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City needs to mop up waste and reasonably allocate water
Beijing is a city plagued by an increasingly acute water shortage. With four decades of below-normal precipitation and a population that has quadrupled since 1949, some of Beijing’s reservoirs have been drying up. To make up for the shortfall, groundwater is being pumped at an accelerating rate.
However, this scarce resource is not being used reasonably in Beijing. The city’s spas, car washes, private pools and golf courses are prime offenders in this area.
Starting with spas, rising affluence and the accompanying craving for luxury has caused their numbers to explode in recent years. Bathers can pamper themselves in milk and flower spas, natural spring spas, lava rock spas and fish spas, where tiny fish nibble away the dead skin of spa clientele.
These establishments and the city’s bathhouses now annually guzzle millions of tons of water. Moreover, a huge amount of that water comes from Beijing’s groundwater, which is being rapidly depleted by overuse.
Wang Shan, a researcher at the Beijing Water Institute, notes that by 2008, one had to drill 23 feet – as opposed to the 12 feet in 1999 – to obtain water. Data from Shan’s institute indicates that the annual 2.7 billion cubic meters’ worth of groundwater “mined” annually is 600 million cubic meters above the sustainable limit of 2.1 billion cubic meters.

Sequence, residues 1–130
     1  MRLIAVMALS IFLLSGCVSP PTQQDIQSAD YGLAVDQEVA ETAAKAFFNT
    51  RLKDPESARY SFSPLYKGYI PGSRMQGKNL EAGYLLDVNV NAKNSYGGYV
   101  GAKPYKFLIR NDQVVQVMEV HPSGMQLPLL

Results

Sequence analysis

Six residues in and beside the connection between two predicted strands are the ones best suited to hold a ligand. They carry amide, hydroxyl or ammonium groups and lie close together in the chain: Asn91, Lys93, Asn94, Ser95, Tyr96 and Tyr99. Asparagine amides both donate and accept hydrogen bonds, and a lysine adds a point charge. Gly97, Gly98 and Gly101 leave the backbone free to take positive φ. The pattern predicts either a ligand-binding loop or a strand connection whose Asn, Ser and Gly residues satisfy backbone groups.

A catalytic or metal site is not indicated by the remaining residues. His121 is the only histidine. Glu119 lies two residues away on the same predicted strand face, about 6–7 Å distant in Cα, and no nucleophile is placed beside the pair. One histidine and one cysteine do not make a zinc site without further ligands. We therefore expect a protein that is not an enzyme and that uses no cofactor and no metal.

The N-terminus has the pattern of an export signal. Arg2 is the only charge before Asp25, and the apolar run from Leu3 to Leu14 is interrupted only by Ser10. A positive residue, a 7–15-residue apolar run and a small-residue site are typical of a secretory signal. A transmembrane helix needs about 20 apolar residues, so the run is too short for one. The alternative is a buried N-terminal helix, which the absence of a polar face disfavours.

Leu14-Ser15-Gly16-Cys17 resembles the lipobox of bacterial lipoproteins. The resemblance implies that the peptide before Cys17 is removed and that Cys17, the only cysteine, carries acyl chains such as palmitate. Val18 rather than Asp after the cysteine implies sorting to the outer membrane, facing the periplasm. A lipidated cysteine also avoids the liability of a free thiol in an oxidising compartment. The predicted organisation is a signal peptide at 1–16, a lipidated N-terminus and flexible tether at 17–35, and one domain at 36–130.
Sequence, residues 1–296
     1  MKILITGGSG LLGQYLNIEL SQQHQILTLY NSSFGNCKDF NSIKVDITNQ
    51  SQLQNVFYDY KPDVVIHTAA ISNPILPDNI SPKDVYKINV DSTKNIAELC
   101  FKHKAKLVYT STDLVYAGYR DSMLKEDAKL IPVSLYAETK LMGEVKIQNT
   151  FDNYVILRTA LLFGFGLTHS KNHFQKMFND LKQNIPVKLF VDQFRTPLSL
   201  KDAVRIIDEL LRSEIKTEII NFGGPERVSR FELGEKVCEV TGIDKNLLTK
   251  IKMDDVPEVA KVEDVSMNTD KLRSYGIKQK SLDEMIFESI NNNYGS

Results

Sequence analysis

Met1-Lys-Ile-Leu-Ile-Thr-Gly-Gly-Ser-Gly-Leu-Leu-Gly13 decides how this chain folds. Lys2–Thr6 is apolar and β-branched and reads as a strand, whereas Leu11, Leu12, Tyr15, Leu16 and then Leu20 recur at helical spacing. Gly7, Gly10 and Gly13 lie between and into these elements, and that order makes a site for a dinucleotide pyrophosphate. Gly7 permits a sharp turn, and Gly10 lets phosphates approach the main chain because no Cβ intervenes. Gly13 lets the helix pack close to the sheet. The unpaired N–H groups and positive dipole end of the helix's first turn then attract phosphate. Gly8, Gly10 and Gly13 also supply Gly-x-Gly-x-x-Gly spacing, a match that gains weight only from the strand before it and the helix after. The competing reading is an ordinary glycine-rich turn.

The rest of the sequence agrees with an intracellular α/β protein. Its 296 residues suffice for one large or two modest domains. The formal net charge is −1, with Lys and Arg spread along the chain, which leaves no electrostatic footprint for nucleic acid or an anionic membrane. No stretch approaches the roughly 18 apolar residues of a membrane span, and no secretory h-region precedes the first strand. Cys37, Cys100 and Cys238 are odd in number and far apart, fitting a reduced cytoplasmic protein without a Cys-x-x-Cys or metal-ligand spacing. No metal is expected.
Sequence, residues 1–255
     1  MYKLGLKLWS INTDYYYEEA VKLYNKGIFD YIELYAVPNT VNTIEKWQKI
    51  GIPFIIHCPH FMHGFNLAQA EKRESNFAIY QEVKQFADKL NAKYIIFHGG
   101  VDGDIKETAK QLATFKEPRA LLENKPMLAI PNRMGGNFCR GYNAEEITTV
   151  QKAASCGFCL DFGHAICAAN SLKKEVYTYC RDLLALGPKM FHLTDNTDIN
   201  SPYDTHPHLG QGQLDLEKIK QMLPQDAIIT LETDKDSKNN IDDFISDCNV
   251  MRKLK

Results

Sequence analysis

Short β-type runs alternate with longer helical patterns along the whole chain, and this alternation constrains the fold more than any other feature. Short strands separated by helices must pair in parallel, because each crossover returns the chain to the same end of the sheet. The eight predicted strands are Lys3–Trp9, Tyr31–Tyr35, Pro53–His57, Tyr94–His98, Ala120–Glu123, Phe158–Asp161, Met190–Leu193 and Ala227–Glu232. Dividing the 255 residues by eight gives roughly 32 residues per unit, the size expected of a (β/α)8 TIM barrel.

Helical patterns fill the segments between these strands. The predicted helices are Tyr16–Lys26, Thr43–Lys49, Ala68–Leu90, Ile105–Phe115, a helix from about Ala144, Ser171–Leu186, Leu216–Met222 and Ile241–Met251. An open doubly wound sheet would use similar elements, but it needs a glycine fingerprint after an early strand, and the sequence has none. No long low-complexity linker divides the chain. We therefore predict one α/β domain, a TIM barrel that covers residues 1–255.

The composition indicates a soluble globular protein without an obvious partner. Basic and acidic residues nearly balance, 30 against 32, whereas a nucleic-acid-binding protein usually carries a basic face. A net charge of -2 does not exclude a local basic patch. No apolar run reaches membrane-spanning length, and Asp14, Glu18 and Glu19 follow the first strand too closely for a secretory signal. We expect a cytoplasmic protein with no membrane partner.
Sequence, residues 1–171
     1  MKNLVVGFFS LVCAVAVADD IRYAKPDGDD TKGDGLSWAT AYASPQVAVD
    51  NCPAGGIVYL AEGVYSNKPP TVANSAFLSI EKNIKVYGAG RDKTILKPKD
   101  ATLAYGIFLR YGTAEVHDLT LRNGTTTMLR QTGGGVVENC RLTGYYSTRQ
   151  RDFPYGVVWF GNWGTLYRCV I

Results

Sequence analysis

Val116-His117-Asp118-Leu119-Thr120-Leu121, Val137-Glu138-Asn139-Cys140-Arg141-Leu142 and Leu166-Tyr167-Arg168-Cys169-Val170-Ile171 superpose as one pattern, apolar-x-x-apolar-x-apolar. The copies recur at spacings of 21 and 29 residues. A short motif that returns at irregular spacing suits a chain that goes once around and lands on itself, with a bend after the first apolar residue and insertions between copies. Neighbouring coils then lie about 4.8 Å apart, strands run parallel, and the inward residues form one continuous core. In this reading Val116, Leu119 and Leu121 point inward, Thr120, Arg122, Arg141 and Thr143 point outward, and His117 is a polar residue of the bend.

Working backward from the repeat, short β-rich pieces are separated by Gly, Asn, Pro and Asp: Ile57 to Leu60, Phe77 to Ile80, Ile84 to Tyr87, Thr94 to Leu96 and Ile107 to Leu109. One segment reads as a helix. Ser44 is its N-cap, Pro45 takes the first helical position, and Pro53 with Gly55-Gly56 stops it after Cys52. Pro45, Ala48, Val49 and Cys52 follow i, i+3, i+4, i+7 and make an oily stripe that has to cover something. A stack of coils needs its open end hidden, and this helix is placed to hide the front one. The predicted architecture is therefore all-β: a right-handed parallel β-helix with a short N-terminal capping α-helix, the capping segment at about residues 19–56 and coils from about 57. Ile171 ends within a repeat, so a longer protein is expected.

Beijing also boasts a huge car wash industry. Much of the water used is not recycled.
The growing number of wealthy Beijingers has also led to a boom in private swimming pool construction in the expensive villa estates on the outskirts of the capital. The water consumption of these households, of course, significantly exceeds that of Beijing’s less affluent residents.
Finally, the suburbs of Beijing are also now home to numerous golf courses. Indeed, many of the big suburban villas – we call them “McMansions” back in the US – have been built around golf courses in order to boost their sales.
The China News Agency recently reported that 38 standard golf courses studied around Beijing consumed nearly 20 million tons of water annually, which is equivalent to 10 Kunming lakes.
Moreover, a March 31 China Daily story notes that only four of Beijing’s 62 golf courses use recycled water. While this is partially due to a mismatch between their location and that of sewage treatment plants – the latter are mainly in the inner city – it also stems from fear over using such water. However, the case of Florida, where 40 percent of the golf courses have safely used recycled water during the past decade, indicates that such fears are completely groundless.
The Chinese government has made a concerted effort to create a harmonious society and reduce socio-economic inequality. Spending on healthcare and education has been significantly increased and this has begun to make a real difference in the lives of less affluent Chinese people.
But while well-heeled Beijingers frolic in luxury spas and private pools and enjoy rounds of golf near their palatial suburban villas, thanks to the city’s water shortage, less well-off farmers living in the capital’s rural districts face a growing water squeeze. Many have been forced to plant less lucrative crops, like corn, that do not require as much water or, in some cases, abandon farming altogether.
The push to create a more harmonious society urgently needs to be extended to the allocation and use of water in China’s capital.